The protests of 2021 are reminiscent of earlier large protests in Sinhala areas in the 1970s as well as the ongoing people’s land struggles all over the country.

However, after the undemocratic takeover of power by the current regime, the now-president arrested thousands of protesters in a matter of a few months. This time, it was the largely Sinhala-speaking working poor that bore the brunt of the attack. This curbing of democratic dissent continues using old and new ways including violent attacks on protesters and passing of laws to justify curtailing democracy. There are regular trade union protests, which are attacked and suppressed by the state.

What remains of the protests and under which circumstances?

People’s peaceful resistance continues in small but meaningful ways in spite of and through state repression and especially the further deterioration of the overall standard of living. The economic “recovery plan” suggested by the International Monetary Fund and World Bank and accepted by the Sri Lankan state shifts the burden entirely to the poor with terrible austerity measures. This includes increasing VAT to 18 percent, affecting primarily the poor, increasing tariffs, and removing subsidies on basic utilities such as electricity and water. This has forced people to leave the country as migrant workers so that they can send back foreign currency (including sending workers to war-torn Israel–Palestine). Meanwhile, budgets of public education, health, and existing social security measures are thoroughly cut back.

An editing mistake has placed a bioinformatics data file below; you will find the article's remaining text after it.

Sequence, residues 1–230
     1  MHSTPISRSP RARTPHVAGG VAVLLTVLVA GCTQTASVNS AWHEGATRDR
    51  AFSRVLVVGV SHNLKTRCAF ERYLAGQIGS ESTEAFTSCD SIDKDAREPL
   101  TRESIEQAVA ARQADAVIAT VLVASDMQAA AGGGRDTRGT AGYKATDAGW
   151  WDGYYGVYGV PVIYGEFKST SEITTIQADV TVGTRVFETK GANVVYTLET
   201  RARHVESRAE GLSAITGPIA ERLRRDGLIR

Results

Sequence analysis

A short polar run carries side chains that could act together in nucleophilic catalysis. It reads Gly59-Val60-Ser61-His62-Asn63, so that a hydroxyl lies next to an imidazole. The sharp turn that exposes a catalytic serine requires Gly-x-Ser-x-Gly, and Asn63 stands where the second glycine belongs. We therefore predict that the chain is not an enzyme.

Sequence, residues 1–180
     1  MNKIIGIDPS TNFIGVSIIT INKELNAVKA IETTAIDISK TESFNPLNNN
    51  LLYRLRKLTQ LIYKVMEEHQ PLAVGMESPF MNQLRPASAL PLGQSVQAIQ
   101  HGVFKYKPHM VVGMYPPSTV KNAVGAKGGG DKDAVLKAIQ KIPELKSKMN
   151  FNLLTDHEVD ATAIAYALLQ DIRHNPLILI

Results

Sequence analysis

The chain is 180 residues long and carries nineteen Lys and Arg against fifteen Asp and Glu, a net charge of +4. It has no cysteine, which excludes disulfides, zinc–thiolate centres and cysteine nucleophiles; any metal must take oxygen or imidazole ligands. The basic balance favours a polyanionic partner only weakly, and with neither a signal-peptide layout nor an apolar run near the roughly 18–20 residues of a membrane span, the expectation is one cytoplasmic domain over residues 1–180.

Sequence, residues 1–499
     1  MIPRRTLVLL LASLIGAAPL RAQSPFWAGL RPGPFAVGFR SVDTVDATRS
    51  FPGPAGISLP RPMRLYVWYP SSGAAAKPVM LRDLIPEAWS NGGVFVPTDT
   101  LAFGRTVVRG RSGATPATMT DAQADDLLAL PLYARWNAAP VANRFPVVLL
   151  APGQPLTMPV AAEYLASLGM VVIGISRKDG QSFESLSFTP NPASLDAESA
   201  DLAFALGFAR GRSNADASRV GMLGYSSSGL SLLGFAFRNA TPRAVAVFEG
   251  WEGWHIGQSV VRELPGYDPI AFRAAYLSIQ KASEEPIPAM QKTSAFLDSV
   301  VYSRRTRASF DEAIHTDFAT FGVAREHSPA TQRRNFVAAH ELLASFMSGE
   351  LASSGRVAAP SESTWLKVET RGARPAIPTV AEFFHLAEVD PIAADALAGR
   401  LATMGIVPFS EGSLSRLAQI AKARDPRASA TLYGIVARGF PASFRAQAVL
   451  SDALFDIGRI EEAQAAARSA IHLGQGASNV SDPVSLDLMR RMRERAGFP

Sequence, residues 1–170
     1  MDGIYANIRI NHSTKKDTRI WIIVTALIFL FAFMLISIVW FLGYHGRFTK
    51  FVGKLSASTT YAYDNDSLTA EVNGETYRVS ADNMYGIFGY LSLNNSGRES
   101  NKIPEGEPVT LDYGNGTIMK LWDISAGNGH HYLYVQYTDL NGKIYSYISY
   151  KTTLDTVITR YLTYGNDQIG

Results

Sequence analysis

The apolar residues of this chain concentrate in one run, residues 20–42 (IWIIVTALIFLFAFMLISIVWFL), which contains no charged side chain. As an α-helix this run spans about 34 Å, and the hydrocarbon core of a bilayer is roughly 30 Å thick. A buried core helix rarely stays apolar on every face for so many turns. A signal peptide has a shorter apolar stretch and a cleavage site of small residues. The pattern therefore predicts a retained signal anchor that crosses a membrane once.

It is in this context that 50 percent of the island’s people have been pushed below the poverty line and more people live on one meal per day. Fifty percent of children under five are now severely malnourished and many children cannot afford books for school. Adolescent girls and women cannot afford sanitary napkins with the increased VAT and this has affected their education and livelihoods. While this plight is shared by the poor across the country, it is worse in multiple ways for those in the plantation and for those in the north and east given pre-existing marginalization. All this while the rich remain largely untaxed.

What effect do those protests have in the current context?